So, the political history of the modern West begins with formal equality. It becomes a supreme value and a norm extolled on one side and criticized on the other two.

What is the apologetics of formal equality?

The first and the main basis and premise of formal equality is the postulate that there are only individuals in the world. Marriage is individual, guilt is individual, crime is individual… An individual bears all responsibility in the form of his rights and obligations, since he is formally equal—a private individual, a bourgeois individual, a self-sufficient individual, who stands at the center of apologetics and becomes the foundation of liberalism as such, and his freedom boils down to his ability to make a choice. The human substance is reduced to choice. All people are equal simply by virtue of their identical rights and obligations—the subject of a social contract.

As we have already mentioned above, the main complaints about formal equality boil down to two points.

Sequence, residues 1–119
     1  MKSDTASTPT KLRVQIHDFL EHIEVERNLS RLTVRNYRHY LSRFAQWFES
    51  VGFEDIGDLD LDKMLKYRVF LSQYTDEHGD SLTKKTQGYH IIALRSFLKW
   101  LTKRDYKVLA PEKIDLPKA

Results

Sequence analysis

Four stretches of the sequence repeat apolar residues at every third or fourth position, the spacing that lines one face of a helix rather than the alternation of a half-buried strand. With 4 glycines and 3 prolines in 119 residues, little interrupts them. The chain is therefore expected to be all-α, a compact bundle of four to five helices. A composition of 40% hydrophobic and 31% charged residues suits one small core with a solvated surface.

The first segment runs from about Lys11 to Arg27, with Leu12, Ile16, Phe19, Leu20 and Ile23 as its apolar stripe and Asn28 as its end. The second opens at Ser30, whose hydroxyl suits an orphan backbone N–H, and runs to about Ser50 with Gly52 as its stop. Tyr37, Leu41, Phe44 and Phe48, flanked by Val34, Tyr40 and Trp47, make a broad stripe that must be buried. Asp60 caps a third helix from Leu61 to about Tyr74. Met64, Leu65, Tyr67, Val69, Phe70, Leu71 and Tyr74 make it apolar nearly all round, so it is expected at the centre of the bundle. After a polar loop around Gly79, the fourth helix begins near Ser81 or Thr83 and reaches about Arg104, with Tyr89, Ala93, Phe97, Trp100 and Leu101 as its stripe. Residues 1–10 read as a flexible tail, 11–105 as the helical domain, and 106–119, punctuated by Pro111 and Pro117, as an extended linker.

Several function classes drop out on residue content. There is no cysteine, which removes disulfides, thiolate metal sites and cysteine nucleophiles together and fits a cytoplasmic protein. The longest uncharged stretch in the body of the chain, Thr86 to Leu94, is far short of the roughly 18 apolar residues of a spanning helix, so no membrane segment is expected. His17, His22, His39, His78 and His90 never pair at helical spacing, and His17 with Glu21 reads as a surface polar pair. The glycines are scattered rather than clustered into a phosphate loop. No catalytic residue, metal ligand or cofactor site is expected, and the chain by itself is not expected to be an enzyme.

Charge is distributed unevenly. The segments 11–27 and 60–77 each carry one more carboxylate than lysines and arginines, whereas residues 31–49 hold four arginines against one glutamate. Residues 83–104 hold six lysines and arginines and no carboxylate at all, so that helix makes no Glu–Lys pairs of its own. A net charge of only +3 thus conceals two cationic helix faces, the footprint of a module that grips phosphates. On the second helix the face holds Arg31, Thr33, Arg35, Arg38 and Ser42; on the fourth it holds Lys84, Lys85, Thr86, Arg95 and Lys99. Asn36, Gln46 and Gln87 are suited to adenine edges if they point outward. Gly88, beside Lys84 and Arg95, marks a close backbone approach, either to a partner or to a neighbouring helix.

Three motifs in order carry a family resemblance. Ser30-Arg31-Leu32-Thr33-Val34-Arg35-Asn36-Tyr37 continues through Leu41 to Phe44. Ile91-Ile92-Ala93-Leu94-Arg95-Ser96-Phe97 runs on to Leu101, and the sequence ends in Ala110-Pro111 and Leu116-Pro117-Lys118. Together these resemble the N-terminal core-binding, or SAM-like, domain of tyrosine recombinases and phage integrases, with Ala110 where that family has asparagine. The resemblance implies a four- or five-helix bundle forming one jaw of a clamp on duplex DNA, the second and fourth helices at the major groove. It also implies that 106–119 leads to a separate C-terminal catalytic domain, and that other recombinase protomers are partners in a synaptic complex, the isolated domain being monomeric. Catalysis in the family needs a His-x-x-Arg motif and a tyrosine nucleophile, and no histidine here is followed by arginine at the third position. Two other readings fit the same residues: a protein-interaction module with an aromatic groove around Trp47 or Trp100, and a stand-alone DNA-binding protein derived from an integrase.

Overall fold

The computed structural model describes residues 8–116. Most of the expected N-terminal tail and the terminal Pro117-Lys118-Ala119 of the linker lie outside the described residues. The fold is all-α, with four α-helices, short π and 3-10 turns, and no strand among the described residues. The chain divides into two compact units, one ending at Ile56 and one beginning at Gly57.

All conservatism stems from the postulate that there is natural inequality. Formal equality overshadows the fact that there is no equality. It is just a formality, but not in the sense that there is another, real and desirable equality somewhere, but in the sense that it was introduced artificially. A conservative says: “Formal equality is stuck on an individual and covers up the fact that people are not equal.” For this reason, a conservative speaks of human essence (and this is where the fate of conservatism lies). “On the other side of your considerations about how to call and how to treat a person, on the other side of all your liberal efforts to prove that formal equality is the truth of last resort, there is another, ultimate truth—what a person is really like, and what his essence and his nature are like.”